Books? The problem isn’t eBooks, the problem is that nobody is reading. Especially men. The time has been used up on screens. The money has been spent on screens.

Add to this the damage being done to the written word due to:

  • texting
  • spell check
  • predictive text
  • visual media: Instagram, Tumblr, YouTube, etc.
  • diminished attention spans
  • screen fatigue
  • reduced educational standards

A picture may be worth a thousand words, but if that’s true, a picture also replaces a thousand world.

Facebook, 2006: We just picked up a great deal on a used car. 5-years old. 4-door sedan. Only 40,000 miles. The body is in great shape, and we love the aquamarine color. Powerful 6-cyl engine. And we literally got it for a song.

Facebook, 2016: Look what we got! [posts picture]

English is eroding, and I suspect other languages in technology-infused countries in western Europe, Asia and South America aren’t faring much better.

Dads: When is the last time your kids saw you sitting in a chair reading a book?

I want to develop several aspects of this theme in some different ways over the next few days, we’ll consider this a brief introduction. Feel free to leave comments here or via email if you want to weigh in on this one.

 

March 14, 2016

Untitled*

Filed under: Christianity, culture, parenting, Religion — paulthinkingoutloud @ 5:41 am

*Because of the large amount of traffic this blogs gets from search engines, I did not want to add to the frenzy described below. I’ve deliberately left this article completely without tags and without a title, which means perhaps only subscribers will initially see it; but we’ll also link to it on Wednesday and on Twitter.

img 031416

This article started out as part of my weekly scan of blogs and news sites looking for material for the Wednesday Link List, a process which usually starts late on Sunday afternoon and continues right up to Tuesday evening. In the process this week I discovered that much has been written lately about the suicides of gay Mormon teens, youth who are part of the LDS Church who are also LGBT, or perhaps LBGT-friendly.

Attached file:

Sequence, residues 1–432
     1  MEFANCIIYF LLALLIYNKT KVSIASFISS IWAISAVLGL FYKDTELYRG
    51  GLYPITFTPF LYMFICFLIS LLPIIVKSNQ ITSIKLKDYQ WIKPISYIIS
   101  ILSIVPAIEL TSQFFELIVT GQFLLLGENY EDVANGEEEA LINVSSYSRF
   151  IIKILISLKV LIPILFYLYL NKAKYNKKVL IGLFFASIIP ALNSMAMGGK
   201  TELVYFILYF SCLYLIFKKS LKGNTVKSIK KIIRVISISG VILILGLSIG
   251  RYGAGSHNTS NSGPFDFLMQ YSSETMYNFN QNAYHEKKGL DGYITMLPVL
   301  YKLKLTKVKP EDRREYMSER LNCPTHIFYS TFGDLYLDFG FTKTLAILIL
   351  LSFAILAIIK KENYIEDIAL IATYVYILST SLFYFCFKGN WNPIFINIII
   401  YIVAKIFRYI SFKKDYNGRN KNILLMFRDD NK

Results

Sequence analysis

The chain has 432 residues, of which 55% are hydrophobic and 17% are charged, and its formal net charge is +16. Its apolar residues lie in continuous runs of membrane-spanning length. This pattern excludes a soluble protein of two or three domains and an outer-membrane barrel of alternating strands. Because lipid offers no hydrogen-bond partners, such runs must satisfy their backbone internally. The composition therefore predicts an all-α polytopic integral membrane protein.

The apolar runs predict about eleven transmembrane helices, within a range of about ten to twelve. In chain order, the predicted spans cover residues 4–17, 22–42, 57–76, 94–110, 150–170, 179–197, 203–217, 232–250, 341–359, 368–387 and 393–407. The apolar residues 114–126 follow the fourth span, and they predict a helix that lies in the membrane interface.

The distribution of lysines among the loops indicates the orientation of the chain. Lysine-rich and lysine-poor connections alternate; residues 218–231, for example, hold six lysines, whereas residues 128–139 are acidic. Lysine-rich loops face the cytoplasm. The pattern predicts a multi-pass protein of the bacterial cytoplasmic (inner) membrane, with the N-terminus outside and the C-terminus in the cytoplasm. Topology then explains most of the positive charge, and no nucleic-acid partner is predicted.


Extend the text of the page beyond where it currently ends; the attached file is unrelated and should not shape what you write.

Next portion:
I started to type the link item:

  • Trend-Spotting: Suicides among LGBT Mormon teens under-reported?

Preston Sprinklewith the link, and then realized I had a much bigger subject to wrestle with. Coincidentally, last week I picked up a title in a recent review book box, Living in a Gray World: A Christian Teen’s Guide to Understanding Homosexuality which I have to assume is the youth edition of People to Be Loved: Why Homosexuality is Not Just an Issue released the same week in December by the same author, Preston Sprinkle, and the same publisher, Zondervan.

I’ve been reading the chapters a little out of order, though I did listen to the interview Preston did on the sometimes irreverent Drew Marshall Show (scroll down to February 13) which discussed the adult version.

I realize that for everyone this is the biggest social issue facing the church right now. It’s to the present generation of Christians what divorce was in the 1960s and ’70s. And for a variety of reasons, it impacts tweens, teens and twenty-somethings in a major way, though many of those reasons have either a direct or indirect connection to the social changes that have been brought about because of the internet.

Recognizing that much has already been written on this elsewhere, I want to return to the present item, the impact on Mormon teens. Here are just a few stories from January and February and some opening paragraphs.

The first is a general news story that has been reproduced in various forms in various media over the past two months:

Unraveling the Truth Behind Gay Mormon Youth and Suicide

While there are conflicting reports regarding numerous suicides involving LGBT Mormon youth, there’s no question that there’s been an increase of suicidal teens and twenty-somethings following the Church’s new antigay policy.

Instituted in November, the new rules label any Mormon in a same-sex marriage as an “apostate,” which could include excommunication from the church, and bars children of all same-sex couples from being baptized. Reaction to the new rules was swift, with thousands severing ties from the Church of Latter-Day Saints in response.